Crux of the matter
The whole business of exit polls has a fairly forgettable track record in India.
The whole business of exit polls has a fairly forgettable track record in our country, and yet it is extraordinary the kind of magnetic hold these have exerted on our minds this election season.
A good deal of the credit must go to the medium of television — if it so desires, the dynamic screen can make most things look exciting, plausible or palatable. And television companies have gone all the way with these surveys this particular election.
But there is certainly one other reason why exit polls have held us in thrall this time round, and that is that the 2004 general election is not a one-horse race. A Bangladesh-Australia cricketing tie simply cannot be packaged as a must-watch show, no matter how hard you may try. But India-Australia!
Now that is exactly what’s going on out there in the political arena, and the exit poll-wallahs were the first to grasp the reality. They weren’t fooled for long by the propaganda that the government side was scooping it all up. Once they figured what was afoot, they were only too happy to keep up the ‘see-saw’ effect through their so-called ‘predictions’.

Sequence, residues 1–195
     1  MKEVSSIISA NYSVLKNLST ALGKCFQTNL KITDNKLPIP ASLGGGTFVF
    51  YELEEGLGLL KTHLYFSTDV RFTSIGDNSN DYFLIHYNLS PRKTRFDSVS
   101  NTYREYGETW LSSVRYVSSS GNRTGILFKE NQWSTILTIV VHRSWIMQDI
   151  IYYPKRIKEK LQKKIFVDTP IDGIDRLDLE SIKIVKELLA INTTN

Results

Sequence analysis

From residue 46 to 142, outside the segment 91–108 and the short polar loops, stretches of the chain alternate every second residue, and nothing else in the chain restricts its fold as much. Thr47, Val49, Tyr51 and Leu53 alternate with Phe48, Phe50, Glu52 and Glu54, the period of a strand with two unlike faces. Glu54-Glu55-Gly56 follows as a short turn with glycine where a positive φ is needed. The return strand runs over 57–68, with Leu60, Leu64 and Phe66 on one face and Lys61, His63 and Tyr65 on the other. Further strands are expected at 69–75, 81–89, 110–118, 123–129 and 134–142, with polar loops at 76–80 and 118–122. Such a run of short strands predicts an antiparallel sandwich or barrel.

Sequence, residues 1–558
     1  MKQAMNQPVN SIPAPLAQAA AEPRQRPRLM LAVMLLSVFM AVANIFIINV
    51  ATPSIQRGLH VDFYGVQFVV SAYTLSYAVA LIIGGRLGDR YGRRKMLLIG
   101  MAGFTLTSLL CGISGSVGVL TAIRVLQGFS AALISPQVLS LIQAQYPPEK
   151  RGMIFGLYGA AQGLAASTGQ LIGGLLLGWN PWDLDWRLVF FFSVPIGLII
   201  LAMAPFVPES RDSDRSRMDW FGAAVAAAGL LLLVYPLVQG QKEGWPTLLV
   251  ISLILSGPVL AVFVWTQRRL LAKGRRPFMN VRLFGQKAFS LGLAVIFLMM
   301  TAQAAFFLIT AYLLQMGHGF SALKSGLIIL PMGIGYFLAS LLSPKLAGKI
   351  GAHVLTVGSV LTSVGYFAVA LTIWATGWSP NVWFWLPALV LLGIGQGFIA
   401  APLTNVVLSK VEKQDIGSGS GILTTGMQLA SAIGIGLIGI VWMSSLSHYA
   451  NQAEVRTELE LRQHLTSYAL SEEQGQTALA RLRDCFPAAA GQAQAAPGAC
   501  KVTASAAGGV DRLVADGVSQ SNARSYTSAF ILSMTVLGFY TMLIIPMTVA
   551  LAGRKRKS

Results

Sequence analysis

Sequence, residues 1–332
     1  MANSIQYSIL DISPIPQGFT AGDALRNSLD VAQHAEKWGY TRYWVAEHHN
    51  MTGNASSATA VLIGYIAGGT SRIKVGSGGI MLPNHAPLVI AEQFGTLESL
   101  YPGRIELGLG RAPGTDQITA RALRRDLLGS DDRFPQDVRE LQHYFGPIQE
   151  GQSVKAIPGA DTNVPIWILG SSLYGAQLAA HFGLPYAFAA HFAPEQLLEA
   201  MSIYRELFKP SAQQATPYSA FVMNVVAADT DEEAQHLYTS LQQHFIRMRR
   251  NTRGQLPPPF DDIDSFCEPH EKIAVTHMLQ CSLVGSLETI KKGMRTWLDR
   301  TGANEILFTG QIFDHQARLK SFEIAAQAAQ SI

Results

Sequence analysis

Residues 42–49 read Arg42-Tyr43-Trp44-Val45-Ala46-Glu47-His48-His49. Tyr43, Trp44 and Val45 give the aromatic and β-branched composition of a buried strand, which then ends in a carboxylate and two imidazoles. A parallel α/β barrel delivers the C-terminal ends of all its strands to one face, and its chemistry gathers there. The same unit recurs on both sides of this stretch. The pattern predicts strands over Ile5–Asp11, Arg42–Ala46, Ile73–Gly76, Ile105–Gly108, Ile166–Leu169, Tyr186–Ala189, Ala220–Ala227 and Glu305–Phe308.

But in all this brouhaha we appear to have lost sight of a key element of Westminster-style democracy — that if a ruling party or coalition fails in a general election to win back at least 50 per cent of the seats in the House (which it naturally held before), it will be deemed to have been voted out of power. Hence, there is simply no room to speculate whether the NDA can return to office even if it wins, say, only 250 seats instead of the required 272. The presumption, of course, is it will be able to lure some of its former opponents to cross over.
Quite simply, in the event of the eclipse of the rulers, the invitation to mount the effort to form a new government must be extended to those who had sat in the opposition. Naturally, the biggest among such parties will have the first claim to government-making. Only if it fails can other options be explored.
Excluding those from the reckoning who have lost power on account of being rejected at the hustings is, indeed, a basic requirement of democracy. Its beauty emanates from the fact that it springs from the principle or requirement of accountability to the people. If this rule is trifled with, the democracy that we take pride in stands diminished. Indeed, it may become indistinguishable from, say, Bonapartism.
It is necessary to note that even if a constituent of the ruling alliance — say, the BJP in the present context — emerges as the single biggest party but falls short of a simple majority, its leader cannot claim an opportunity to form government. That would be a travesty, for the BJP was the engine of the alliance that ruled
before the election. After the 1989 election, Rajiv Gandhi’s Congress was the single biggest party but it didn’t ask for a chance at government-making because it was defeated in the polls. That is the crux of the matter.
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